...for the most part, theologians have basically abandoned the project of “proving” God’s existence, which is probably a good move.
But they haven’t given up on believing in God’s existence (suitably defined), which is what drives atheists like Dawkins (and me) a little crazy. Two thousand years ago, believing in God made perfect sense; there was so much that we didn’t understand about the world, and an appeal to the divine seemed to help explain the otherwise inexplicable. Those original motivations have long since evaporated. In response, theologians have continued to alter what they mean by “God,” and struggled to reconcile the notion’s apparent internal contradictions — unwilling to take those contradictions as a signal of the fundamental incoherence of the idea.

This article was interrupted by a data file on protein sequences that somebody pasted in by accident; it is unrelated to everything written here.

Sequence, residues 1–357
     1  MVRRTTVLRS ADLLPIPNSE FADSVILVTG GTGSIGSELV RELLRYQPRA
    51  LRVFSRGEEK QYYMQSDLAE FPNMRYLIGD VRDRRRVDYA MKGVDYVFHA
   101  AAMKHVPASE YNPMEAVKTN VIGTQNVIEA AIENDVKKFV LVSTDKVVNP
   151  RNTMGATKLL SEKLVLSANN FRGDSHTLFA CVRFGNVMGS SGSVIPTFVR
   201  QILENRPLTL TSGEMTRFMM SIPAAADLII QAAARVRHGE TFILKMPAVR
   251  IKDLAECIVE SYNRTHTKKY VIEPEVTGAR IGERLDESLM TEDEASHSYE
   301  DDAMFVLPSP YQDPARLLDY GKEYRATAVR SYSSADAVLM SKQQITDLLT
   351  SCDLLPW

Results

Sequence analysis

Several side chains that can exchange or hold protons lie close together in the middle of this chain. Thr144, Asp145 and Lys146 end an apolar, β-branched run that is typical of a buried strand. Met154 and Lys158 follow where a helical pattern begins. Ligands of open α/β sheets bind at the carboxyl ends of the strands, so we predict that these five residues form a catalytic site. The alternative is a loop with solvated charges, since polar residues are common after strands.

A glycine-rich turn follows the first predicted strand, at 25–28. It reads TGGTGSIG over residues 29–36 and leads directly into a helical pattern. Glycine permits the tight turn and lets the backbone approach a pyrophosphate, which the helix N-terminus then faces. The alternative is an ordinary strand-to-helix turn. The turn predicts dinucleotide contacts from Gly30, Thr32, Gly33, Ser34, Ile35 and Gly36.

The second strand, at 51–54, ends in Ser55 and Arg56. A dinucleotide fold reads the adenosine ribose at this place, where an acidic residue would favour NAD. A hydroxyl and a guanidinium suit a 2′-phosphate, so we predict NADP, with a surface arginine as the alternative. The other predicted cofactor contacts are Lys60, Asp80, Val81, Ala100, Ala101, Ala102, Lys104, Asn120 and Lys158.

To be fair, much of Dawkins’s book does indeed take aim at a rather unsophisticated form of belief, one that holds a much more literal (and wholly implausible, not to mention deeply distasteful) notion of what God means. That’s not a completely unwarranted focus, even if it does annoy the well-educated Terry Eagletons of the world; after all, that kind of naive theology is a guiding force among a very large and demonstrably influential fraction of the population. The reality of a religion is manifested in the actions of its adherents. But even an appeal to more nuanced thinking doesn’t save God from the dustbin of intellectual history.
And where people are leaving notes like this one:
in your last sentence you writeGood times.
"The universe [..] peacefully solving its equations of motion [..]"
Is this not the same anthropomorphizing you critize (sic) in Eagleton's point of view?
And does it not somehow reveal that even an atheist is longing for a 'peaceful' universe in which 'we want to find meaning'?
And would this help explain your question 3, why people are religious?